Have you noticed that all China’s factory workers wear hats or hair nets? You’ll never find a hair painted into a child’s toy from China but the paint might be lead-based, which is poisonous.
According to the U.S. Food and Drug Administration, at the height of the seafood problems, China’s “farm-fed” seafood came packed with antibiotics. That’s because they are fed on human excrement. If you soak your Chinese shrimp too long in warm water, the “pink” runs out. It is dye: there to make the seafood look more appealing.
The Chinese answer to all of this, weaving back and forth from near truth to outright ridiculous lies, includes this mystically Chinese answer given on China’s state TV network yesterday: “It’s not a severe winter, but there is a cold wind blowing,” the Most Honorable Li Changjiang said.
“This cold wind has been a big trial for the industry … But I think most of our companies can endure this test. Why do I say this? Because our exports keep going up.”
“More than 99 percent of our goods meet standards,” he added. “Demonizing Chinese products, or talking of the Chinese product threat, I think is simply a new kind of trade protectionism.”
It is all “politically motivated, unfair, biased and poisoned by jealousy.”
Forget O.J. Simpson. There is an entire government above 1.3 billion people that has mastered “spin” better than anyone: China.
On August 5, 2007, deputy head of the State Food and Drug Administration, Hui Lusheng, said, “At present, the food safety situation has improved, yet is still serious.”
“Since last year reports of ‘red-yolk duck eggs’ and so on have often caused wide concern in society about food safety, and warned us that our country is in a period of high risk,” Hui said, referring to a contaminated egg scare.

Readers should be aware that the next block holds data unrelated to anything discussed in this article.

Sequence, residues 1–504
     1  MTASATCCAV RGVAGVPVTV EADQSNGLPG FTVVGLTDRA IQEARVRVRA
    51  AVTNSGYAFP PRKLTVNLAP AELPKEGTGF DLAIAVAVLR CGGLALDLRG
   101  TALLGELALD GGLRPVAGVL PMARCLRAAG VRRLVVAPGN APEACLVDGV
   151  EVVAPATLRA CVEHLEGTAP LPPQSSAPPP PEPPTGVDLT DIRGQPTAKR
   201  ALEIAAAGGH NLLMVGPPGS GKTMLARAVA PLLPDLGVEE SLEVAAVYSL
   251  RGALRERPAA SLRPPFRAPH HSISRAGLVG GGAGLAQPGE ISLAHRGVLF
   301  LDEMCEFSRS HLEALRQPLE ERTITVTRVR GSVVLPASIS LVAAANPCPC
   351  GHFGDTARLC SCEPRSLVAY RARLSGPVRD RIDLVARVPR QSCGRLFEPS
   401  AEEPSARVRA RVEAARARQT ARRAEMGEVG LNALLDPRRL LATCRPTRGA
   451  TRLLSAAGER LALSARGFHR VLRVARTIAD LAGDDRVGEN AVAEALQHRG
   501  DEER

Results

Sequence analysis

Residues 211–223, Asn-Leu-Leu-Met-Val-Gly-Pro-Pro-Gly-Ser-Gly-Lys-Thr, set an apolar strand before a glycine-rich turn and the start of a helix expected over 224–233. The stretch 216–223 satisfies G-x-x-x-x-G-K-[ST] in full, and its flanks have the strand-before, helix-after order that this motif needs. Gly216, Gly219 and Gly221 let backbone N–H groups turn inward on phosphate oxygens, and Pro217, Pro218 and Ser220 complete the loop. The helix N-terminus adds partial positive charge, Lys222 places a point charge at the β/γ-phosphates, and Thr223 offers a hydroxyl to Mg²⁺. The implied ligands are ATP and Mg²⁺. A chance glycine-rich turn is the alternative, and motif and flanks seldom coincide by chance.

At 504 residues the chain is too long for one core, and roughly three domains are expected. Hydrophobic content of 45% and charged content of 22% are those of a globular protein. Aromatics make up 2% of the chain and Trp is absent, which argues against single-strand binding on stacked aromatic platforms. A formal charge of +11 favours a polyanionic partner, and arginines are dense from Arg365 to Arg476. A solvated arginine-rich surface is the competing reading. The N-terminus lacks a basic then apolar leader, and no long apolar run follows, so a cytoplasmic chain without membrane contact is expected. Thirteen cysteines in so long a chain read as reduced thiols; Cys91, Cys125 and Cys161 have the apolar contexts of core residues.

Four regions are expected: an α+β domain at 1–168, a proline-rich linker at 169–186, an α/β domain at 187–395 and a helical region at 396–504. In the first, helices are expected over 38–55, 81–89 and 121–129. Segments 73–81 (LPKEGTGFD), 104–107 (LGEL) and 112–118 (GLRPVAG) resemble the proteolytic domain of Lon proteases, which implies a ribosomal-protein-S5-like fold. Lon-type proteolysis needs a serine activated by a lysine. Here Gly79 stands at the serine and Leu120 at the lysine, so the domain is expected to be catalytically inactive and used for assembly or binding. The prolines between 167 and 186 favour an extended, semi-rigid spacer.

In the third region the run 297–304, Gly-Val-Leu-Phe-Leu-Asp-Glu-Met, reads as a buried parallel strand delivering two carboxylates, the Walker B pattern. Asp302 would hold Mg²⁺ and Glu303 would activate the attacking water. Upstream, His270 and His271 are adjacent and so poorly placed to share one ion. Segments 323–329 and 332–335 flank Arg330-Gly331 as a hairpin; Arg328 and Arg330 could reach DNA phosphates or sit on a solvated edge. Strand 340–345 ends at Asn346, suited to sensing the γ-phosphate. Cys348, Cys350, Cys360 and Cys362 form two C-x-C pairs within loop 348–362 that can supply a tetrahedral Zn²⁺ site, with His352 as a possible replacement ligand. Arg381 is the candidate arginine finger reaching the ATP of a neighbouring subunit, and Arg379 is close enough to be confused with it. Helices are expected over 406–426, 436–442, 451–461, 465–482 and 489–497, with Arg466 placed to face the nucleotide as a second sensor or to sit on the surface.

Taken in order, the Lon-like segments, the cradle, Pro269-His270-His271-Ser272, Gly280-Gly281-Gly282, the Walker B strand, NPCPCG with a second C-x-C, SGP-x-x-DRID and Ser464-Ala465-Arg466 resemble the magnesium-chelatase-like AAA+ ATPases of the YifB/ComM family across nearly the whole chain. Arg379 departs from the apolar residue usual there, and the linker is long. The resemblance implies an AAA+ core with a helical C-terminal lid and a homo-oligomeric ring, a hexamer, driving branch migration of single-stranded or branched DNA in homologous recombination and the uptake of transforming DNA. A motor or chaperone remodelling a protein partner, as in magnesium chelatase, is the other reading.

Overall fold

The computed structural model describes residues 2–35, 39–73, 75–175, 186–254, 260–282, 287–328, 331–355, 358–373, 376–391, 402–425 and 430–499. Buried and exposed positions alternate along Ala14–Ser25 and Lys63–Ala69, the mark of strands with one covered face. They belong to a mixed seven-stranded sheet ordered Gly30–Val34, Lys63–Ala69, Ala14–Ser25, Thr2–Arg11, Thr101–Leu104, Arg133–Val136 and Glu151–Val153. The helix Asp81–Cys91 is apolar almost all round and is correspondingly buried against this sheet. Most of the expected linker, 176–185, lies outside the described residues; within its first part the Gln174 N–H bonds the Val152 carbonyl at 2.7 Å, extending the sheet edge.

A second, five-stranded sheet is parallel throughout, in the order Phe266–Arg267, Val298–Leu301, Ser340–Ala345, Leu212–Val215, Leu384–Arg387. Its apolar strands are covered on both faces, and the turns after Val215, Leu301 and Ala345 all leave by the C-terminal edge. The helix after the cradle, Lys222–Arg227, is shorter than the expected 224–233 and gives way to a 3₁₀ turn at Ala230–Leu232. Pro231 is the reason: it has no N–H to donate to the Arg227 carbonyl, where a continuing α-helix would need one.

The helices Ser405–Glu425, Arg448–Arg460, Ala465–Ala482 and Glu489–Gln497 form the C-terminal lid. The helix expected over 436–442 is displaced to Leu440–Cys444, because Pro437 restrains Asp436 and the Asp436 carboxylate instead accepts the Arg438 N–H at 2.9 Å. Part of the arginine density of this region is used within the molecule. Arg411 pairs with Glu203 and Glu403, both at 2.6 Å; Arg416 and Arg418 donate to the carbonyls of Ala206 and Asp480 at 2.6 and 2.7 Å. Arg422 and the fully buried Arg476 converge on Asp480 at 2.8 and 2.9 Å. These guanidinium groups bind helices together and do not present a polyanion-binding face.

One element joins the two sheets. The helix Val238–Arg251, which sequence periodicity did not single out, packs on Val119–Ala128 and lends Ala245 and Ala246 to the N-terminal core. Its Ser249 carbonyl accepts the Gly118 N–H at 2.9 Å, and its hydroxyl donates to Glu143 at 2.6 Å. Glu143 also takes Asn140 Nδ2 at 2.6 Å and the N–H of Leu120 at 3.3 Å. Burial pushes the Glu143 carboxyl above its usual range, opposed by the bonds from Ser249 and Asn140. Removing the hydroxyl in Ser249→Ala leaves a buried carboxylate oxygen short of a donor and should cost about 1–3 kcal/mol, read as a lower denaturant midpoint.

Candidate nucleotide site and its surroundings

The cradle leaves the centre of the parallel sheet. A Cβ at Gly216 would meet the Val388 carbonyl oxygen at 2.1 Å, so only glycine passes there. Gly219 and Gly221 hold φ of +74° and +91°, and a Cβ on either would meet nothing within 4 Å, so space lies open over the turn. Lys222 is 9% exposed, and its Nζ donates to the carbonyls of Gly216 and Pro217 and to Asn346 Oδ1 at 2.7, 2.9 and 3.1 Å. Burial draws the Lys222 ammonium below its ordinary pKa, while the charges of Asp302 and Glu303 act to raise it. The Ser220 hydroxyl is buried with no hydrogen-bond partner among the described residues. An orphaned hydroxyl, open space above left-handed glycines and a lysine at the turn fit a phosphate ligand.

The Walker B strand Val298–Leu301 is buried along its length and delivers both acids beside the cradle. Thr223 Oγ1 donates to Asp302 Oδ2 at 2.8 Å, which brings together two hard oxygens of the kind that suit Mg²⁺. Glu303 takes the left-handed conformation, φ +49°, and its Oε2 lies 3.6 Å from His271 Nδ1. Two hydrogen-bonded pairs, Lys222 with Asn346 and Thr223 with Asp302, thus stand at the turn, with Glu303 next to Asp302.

“Dealing with and preventing food safety risks is a long-term, arduous and complicated project, which needs society to work together and comprehensive prevention,” she added.
So on the one hand we have, “long-term, arduous and complicated.”
On the other hand, from a more senior person and less than a month later, we have, “Politically motivated, unfair, biased and poisoned by jealousy.”
This is today’s communist China. China lives on denials, lies, suppression of news and obfuscation.
Nobody should be fooled.
China: You Won’t Get The Truth
China: At Long Last Admits Food Safety Clean Up Will Be “Arduous,” Long Term
Thursday, August 9, 2007
MARK STRAMA DISTRICT 50
July 31, 2007
Thank you for your correspondence during the legislative session regarding stem cell research. I appreciate you taking the time to share your views on this issue with me.
I support stem cell research. It is an emerging medical technology that has many possibilities to benefit the citizens of Texas. While stem cell research, specifically embryonic stem cell research, is a contentious issue, the medical benefits this research has already shown to provide include possible cures for diabetes, reforming damaged nerve terminals, and rehabilitating people with multiple sclerosis. I believe the lives of the millions of Texans and their families who suffer from these diseases deserve our investment in this promising and competitive field of medicine.
Thank you again for writing to me about this important issue. If my office can be of assistance to you in the future, please do not hesitate to contact us at 463-0821.
Wednesday, August 8, 2007
AP News Story:
Reports indicate that after the recent tragedy involving the collapse of the IH-35 Bridge will result in higher taxes to fund more government. The government is trying to make a profit over a tragic event by raising the gas tax! After Congress and State Legislatures have increased the size of government exponentially over the past two decades, the essential government services, like public infrastructure, are seemingly left in ill-repair. If the size of government, the cost of government, and the amount of taxes has increased so much, why do the taxpayers receive less in terms of service and results?